City Hippy

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Thursday, October 27, 2005

FEATURE: Activism 2.0?

GreenLAGirl & I started the Starbucks Challenge for a reason: to assess the Starbucks' Fair Trade promise.

Starbucks promise (PDF) is to make Fair Trade coffee for you, any day of the week in more than 20 countries - we wanted to find out just how easy that was.

The goal
For me the goal has always been to engage with Starbucks, to test that promise and to assist Starbucks in delivering on that promise.

I hate Starbucks, Not!
Not my style to hate anyone or anything. I believe in working with companies and people to affect positive change. I believe in the Triple Bottom Line. People. Planet. Profit.

Starbucks: Good or evil
Starbucks have much to be applauded for. They pay a higher price for even their non-Fair Trade coffee. As Triple Pundit recently reported Starbucks are working to make their cups as green as possible. Positive steps.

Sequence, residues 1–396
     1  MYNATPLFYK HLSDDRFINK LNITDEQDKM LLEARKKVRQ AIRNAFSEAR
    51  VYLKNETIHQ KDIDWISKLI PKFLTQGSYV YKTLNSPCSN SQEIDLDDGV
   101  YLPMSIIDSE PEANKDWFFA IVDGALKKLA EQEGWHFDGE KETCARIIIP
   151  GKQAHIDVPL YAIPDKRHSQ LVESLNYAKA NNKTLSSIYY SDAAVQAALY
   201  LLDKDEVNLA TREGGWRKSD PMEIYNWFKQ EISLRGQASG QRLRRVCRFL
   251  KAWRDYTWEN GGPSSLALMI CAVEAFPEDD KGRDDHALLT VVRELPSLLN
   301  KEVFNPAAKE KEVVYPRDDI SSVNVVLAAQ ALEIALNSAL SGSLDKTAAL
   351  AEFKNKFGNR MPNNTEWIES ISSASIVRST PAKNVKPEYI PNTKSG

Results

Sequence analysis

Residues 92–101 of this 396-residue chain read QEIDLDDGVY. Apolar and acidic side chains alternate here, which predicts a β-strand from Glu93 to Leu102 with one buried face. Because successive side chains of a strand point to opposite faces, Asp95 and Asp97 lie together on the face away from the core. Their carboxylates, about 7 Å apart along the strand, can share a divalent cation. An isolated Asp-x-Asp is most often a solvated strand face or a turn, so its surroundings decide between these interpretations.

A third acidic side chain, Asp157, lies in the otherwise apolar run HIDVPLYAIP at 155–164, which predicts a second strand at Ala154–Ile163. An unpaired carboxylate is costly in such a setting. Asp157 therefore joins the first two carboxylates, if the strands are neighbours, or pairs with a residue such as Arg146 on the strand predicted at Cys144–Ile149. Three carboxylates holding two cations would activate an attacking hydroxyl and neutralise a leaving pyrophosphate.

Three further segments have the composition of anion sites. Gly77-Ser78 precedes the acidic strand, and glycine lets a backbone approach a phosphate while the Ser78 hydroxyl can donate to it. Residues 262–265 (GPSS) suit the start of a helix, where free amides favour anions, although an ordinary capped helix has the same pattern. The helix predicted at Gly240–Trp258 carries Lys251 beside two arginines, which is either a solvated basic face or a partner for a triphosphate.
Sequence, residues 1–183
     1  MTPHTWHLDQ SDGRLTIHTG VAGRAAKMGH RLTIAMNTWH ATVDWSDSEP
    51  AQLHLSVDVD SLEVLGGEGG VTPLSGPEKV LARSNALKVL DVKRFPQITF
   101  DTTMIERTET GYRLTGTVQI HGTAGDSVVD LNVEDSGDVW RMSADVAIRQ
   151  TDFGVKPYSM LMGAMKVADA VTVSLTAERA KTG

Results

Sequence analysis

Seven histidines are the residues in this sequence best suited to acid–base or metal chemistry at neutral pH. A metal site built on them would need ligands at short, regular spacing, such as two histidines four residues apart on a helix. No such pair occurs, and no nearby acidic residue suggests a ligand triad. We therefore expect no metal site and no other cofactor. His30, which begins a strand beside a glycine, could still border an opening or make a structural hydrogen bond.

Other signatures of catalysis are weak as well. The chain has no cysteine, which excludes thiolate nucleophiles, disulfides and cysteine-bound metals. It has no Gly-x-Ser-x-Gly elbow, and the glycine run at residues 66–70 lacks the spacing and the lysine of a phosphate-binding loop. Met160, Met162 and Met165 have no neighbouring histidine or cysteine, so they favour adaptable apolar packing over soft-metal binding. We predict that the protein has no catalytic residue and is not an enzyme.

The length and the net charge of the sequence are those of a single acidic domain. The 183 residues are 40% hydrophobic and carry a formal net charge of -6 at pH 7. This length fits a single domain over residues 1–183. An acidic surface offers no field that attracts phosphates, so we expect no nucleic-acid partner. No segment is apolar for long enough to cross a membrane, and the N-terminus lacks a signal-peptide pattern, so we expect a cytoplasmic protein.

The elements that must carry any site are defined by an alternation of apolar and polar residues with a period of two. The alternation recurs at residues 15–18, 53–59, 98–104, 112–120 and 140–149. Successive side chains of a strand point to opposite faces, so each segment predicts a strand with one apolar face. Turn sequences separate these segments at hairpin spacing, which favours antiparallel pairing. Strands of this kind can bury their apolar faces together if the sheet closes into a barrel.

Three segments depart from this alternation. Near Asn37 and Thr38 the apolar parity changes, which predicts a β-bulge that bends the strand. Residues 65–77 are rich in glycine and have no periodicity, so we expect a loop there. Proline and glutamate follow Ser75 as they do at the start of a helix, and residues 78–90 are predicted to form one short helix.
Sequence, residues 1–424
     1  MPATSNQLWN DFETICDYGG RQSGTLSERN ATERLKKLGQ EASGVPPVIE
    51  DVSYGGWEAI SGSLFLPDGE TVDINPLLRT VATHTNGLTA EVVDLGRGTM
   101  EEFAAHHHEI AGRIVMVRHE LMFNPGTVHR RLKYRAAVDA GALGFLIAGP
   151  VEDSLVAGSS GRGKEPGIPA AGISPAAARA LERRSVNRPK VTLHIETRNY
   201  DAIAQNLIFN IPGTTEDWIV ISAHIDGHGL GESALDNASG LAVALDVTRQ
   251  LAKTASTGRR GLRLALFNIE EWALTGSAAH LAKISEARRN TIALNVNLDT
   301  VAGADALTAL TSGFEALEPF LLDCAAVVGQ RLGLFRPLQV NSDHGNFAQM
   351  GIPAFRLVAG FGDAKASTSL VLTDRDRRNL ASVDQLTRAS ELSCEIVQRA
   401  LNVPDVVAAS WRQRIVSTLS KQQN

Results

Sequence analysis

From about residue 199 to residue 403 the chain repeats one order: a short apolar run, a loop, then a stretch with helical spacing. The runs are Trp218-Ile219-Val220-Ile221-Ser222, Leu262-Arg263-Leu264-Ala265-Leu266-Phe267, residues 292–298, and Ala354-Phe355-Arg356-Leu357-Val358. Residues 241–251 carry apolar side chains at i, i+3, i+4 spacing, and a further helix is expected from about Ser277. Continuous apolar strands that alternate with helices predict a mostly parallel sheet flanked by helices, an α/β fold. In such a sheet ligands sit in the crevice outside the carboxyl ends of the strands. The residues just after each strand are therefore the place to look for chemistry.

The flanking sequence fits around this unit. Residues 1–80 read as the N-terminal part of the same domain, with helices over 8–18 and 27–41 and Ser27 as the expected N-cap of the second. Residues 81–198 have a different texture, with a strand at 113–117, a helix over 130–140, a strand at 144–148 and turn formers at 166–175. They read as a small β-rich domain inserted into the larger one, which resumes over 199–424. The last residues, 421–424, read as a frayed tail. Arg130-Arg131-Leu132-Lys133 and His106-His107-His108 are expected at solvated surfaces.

They are not perfect. They have their critics. But good or evil? It's never that simple, is it?

The Starbucks Challenge: results
According to GreenLAGirl, as of Oct 26th, we have so far motivated 102 blogs to join the call to one degree or another, ranging from simple links or mentions to full-blown encouragement and participation.

That number continues to grow and includes an impressive range of large reputable blogs i.e. Kottke, LifeHacker, Treehugger, MSNBC's Clicked and the Guardian News Link Blog (although now only visible in their account).

So far 111 challenges have been added to the feed monitoring the challenge.

Those 111 challenges have taken place in 10 countries and across the USA in 21 states and Washington DC. From China to London, from Kuala Lumpur to Canada, from LA to New Zealand.

The results have been mixed and very interesting.

Initial conclusions
Starbucks seem interested in the challenge, it took only three days for Cindy from Starbucks CSR to get in touch, and rightly so. Why wouldn't they be interested in feedback from highly-motivated customers, ex-customers and potential customers based around the world?